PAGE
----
Men of the 2nd Royal Ulster Rifles awaiting evacuation at Bray Dunes, near Dunkirk, 1940. Imperial War Museum/Wikimedia

As the quays of had been destroyed, evacuation had to take place from the shore itself, justifying the foresight of the Admiralty to co-opt the small ships. Troops were transported by these small craft to larger vessels of the Royal Navy and French Navy under frequent harassment from the Luftwaffe. Remarkably, however, Hitler was persuaded to halt the advance on land in favour of air strikes against the men on the beaches. The limitations of isolated air operations and the deteriorating weather that reduced the number of sorties (missions) flown probably saved many British and French lives.

The was rescued, but this was far from a victory. More than 50,000 men had been lost (killed, missing, or captured) and an enormous number of tanks, guns, and trucks had been left behind, too.

Victims of spirit

The spirit of – the pride that the British people felt after the successful rescue of the country’s men – had its own casualties, too. The crucial role of the French army has subsequently been forgotten. The RAF, criticised for failing to cover the troops on the beach adequately, actually sustained huge losses of its own, as did both the British and French navies. errors – particularly the aforementioned halt order – that allowed the escape to happen are understated.

has become the focal point for this moment in history, but other rescue missions took place that are not as well remembered. In total, over 558,000 British, French, and personnel were rescued from the beaches of northern between May and June 1940 – an additional 220,000 to those who were evacuated from

The Daily Express, May 4, 1940. The Daily Express, Author provided

Most significantly, the role of the “little ships” has come to dominate the story of Dunkirk. Though these 861 pleasure craft and fishing boats were essential to the operation’s success in the shallow waters around Dunkirk, they were less significant in evacuations elsewhere. The boats are often viewed as an integral part of the people’s war, even though most of these ships were crewed by Royal Navy personnel, not civilians.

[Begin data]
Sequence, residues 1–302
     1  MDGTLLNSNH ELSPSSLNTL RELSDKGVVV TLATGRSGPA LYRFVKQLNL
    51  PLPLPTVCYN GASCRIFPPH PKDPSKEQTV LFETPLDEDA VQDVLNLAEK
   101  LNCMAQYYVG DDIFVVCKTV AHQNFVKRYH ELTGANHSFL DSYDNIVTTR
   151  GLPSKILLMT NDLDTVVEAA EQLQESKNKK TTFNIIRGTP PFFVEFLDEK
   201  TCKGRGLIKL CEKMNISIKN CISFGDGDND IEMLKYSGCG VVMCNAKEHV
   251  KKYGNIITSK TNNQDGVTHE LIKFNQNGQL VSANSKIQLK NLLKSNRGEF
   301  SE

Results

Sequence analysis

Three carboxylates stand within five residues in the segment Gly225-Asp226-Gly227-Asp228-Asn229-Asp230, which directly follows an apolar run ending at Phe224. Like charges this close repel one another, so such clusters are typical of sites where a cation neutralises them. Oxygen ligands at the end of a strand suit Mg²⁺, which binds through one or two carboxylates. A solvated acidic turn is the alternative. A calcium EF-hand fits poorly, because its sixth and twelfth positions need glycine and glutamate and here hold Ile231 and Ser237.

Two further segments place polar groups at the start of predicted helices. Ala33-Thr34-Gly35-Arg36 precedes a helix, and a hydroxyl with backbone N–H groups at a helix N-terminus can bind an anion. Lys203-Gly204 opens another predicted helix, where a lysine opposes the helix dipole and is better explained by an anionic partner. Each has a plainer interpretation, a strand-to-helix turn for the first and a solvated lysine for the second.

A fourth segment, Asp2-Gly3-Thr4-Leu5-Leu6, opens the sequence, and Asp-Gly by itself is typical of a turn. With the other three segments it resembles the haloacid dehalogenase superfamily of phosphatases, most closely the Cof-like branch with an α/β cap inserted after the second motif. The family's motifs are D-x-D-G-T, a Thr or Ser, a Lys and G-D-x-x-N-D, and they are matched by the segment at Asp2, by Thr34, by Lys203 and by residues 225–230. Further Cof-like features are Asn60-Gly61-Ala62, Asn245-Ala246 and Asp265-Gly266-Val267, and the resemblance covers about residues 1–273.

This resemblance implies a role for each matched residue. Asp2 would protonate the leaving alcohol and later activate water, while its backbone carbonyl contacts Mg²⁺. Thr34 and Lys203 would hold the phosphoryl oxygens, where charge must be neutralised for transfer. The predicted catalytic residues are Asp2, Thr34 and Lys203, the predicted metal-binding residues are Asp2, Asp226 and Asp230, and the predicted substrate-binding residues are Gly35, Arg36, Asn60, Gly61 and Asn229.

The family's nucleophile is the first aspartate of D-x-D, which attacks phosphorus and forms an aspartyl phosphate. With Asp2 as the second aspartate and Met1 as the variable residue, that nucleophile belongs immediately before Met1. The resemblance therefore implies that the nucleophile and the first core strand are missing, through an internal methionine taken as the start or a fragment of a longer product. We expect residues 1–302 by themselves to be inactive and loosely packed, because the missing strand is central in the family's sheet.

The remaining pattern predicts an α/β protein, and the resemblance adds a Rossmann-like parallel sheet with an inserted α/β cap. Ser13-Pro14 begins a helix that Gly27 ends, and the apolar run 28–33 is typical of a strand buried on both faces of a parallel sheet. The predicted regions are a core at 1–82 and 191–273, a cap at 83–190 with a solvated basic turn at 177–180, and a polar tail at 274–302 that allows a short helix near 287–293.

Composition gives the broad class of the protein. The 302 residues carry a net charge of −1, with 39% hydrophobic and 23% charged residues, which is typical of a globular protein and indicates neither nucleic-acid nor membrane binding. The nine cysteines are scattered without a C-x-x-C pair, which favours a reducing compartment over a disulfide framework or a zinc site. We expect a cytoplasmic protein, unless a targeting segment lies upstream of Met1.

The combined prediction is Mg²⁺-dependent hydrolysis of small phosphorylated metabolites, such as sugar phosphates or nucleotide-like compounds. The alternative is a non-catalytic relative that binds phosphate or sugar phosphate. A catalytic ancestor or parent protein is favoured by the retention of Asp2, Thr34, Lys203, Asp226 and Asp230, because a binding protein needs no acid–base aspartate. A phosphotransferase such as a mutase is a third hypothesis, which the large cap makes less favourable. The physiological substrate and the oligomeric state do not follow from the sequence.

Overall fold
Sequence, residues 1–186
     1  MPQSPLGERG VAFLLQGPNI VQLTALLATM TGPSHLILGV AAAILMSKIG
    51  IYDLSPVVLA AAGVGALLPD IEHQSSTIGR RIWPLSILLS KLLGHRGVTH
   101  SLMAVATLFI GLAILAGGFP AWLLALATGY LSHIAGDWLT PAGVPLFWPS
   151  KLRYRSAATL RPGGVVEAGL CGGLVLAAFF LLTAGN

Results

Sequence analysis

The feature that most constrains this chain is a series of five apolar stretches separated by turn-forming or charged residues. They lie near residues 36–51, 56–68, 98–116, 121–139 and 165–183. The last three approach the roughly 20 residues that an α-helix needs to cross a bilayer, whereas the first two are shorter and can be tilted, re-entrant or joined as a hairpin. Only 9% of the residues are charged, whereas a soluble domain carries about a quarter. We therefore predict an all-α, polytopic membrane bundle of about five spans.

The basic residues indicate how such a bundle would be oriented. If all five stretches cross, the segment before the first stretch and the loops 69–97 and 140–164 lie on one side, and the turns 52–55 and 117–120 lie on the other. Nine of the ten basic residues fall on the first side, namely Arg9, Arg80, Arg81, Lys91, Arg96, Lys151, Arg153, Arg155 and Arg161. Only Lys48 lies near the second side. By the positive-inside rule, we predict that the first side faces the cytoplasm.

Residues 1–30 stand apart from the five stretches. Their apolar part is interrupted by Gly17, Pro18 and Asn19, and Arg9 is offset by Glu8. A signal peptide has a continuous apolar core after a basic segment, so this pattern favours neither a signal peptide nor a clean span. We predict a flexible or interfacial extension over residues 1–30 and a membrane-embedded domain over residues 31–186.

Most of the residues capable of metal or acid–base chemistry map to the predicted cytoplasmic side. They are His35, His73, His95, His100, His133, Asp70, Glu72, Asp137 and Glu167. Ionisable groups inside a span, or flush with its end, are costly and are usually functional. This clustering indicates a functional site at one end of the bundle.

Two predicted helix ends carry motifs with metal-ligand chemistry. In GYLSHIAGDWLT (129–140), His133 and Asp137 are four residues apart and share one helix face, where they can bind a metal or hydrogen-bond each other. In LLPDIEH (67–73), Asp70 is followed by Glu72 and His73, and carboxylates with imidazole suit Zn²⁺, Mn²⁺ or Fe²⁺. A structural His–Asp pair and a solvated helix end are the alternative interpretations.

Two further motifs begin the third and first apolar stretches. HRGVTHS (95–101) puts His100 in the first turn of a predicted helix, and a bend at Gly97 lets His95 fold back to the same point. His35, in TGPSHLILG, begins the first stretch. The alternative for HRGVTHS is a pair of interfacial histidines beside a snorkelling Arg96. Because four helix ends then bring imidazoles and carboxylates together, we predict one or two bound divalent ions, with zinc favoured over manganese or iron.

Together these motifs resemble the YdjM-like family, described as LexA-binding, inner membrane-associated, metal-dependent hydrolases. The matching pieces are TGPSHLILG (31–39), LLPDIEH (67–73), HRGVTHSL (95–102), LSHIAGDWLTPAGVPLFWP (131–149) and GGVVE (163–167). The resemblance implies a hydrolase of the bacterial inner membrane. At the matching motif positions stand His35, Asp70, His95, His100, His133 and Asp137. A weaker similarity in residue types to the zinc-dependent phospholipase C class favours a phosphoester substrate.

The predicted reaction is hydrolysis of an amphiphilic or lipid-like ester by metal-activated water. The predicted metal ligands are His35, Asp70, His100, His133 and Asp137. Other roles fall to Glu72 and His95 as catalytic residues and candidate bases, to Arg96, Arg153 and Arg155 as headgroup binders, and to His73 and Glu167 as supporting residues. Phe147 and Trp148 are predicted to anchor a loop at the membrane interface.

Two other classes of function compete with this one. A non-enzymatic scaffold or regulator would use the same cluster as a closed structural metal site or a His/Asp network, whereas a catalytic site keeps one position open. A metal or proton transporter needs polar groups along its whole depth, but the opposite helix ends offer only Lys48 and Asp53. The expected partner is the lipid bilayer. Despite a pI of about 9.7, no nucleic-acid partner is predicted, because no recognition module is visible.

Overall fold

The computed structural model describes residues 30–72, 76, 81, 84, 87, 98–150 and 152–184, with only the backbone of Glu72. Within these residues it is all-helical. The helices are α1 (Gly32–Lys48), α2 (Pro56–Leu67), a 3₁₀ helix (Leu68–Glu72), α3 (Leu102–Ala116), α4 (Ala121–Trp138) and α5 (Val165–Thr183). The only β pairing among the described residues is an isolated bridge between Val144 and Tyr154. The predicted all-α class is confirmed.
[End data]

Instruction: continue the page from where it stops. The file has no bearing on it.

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was in essence a defeat, but there was a victory in the impact it had on the country’s morale and national identity during the war – which was largely shaped by the British media.

As novelist J.B. Priestley put it in his BBC radio broadcast of June 5, 1940:

What began as a miserable blunder, a catalogue of misfortunes and miscalculations, ended as an epic of gallantry. We have a queer habit – and you can see it running through our history – of conjuring up such transformations. Out of a black gulf of humiliation and despair, rises a sun of blazing glory.

 


Gerard Oram, Director of Programmes for War and Society, Swansea University

This article was originally published on The Conversation. Read the original article.